NFU Scotland has added its voice to calls for a simplified system of sanitary and phyto-sanitary (SPS) checks on meat exports from the UK to the EU, following the end of the Brexit transition period.
The British Poultry Council and the Ulster Farmers Union earlier this month urged the government to work with the EU to align the two blocs’ SPS standards to ease problems with exporting meat and breeding stock.
Since 1 January, the UK’s new status as a third country means all consignments of meat and products of animal origins are subject to new paperwork and veterinary checks. It also means that when the UK has an outbreak of highly pathogenic avian influenza, all exports of poultry products are halted to the EU.
The Commission is able to vote on restricting exports from the region directly affected rather than the whole UK, but during the time it takes to hold the vote, the trade is blocked. This is having a “big impact on meat and breeding stock,” Richard Griffiths, BPC chief executive told Poultry Business.
According to NFU Scotland, a priority must be to digitise and simplify the SPS border controls that require specialist paperwork and frequent physical inspections on products of animal or plant origin. The cost and time currently levied by these compliance requirements present a severe hindrance to trade. It said mechanisms such as the new Trade Specialised Committee on Sanitary and Phytosanitary Measures already exist to ensure that simplification can operate without compromising biosecurity.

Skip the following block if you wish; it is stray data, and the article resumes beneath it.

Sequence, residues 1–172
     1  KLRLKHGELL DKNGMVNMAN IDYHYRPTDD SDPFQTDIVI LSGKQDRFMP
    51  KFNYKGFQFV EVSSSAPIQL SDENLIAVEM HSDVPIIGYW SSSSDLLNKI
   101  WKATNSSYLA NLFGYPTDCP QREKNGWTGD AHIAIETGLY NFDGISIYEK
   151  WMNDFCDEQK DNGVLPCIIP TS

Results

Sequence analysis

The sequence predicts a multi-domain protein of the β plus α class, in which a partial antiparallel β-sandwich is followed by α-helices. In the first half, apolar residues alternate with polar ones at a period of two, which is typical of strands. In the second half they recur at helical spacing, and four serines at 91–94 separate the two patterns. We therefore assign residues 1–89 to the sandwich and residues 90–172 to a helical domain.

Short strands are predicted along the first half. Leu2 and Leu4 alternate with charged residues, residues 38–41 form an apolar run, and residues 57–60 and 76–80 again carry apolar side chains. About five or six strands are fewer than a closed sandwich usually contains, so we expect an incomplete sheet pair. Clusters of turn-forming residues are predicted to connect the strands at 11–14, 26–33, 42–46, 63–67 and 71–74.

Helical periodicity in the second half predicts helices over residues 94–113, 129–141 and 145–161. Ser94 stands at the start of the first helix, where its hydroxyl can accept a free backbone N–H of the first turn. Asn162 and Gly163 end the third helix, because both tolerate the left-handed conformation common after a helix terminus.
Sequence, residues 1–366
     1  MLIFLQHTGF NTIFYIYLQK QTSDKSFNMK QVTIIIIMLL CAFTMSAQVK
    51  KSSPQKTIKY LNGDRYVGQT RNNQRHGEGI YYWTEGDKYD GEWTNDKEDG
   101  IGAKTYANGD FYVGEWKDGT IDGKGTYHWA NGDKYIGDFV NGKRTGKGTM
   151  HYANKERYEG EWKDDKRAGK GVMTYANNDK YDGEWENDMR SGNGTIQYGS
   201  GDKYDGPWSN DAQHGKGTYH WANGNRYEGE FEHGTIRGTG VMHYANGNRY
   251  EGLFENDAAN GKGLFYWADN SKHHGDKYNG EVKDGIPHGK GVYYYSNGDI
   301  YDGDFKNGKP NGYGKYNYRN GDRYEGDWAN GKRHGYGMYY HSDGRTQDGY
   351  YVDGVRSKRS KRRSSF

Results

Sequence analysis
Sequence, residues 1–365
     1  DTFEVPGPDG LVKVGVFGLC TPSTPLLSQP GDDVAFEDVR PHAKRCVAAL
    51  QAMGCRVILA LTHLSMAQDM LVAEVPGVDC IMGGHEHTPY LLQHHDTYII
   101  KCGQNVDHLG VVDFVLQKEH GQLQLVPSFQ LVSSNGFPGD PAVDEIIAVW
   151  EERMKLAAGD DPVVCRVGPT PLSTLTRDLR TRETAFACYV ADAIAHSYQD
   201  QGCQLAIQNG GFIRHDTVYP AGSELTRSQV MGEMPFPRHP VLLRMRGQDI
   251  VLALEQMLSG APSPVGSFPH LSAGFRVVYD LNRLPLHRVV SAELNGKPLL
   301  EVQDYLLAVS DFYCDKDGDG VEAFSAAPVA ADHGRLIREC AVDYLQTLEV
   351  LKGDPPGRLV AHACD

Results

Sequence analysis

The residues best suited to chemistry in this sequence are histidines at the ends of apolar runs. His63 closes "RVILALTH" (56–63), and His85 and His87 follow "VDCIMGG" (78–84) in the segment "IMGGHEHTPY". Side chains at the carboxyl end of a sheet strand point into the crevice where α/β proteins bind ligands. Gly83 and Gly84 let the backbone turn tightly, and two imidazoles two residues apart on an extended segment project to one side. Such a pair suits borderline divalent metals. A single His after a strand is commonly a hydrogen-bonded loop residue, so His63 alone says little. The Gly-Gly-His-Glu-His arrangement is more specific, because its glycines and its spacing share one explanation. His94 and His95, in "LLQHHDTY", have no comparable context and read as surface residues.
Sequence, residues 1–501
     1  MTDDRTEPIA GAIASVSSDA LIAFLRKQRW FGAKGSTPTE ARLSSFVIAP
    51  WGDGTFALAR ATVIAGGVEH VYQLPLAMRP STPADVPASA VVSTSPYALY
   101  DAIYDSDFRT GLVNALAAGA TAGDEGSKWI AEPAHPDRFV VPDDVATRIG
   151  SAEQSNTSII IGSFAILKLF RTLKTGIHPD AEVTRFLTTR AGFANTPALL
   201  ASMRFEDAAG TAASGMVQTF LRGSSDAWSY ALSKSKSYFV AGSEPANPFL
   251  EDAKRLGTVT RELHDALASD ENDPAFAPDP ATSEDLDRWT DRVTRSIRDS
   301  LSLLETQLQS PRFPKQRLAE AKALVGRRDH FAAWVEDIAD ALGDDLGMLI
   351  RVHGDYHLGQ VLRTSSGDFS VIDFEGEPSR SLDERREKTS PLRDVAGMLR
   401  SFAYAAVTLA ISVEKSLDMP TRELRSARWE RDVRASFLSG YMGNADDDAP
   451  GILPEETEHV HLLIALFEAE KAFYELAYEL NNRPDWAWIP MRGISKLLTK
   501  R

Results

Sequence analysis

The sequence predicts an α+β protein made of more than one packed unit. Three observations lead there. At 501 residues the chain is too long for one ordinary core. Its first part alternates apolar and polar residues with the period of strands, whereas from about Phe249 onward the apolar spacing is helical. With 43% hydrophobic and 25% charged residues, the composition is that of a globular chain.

NFU Scotland has provided written evidence to the Environment, Food and Rural Affairs select committee at Westminster on its inquiry on ‘Seafood and Meat Exports to the EU’. Last month, NFU Scotland also gave oral evidence to the Scottish Parliament’s Culture, Tourism, Europe and External Affairs Committee where it highlighted trade problems encountered since the TAC was put in place.
NFU Scotland President Martin Kennedy said: “Throughout the whole Brexit process, we’ve consistently pressed for an agreement that is as close to friction-free as possible. The TCA may be tariff and quota free, but it’s far from friction free.
“That said, the end of transition did not mark the end of existing standards on either side of the Channel nor any erosion of them.
“It is abundantly clear that it is not in the interest of businesses in the UK nor the EU to allow current trade friction to continue and steps must be taken to build on the TCA to simplify and minimise the requirements needed through the likes of export health certificates and customs declarations.
“SPS border controls should be proportionate to the risks identified and able to recognise that while the UK and the EU now have separate regulatory regimes, the objectives and the way in which they operate to regulate plant and animal health are the same.
“Agri-food products in the EU and the UK rightly meet high standards which are in the interest of consumer protection, animal health and welfare and the environment. If both sides would recognise this we could simplify processes and reduce the cost and time levied by the checks and controls that have been put in place at the borders.”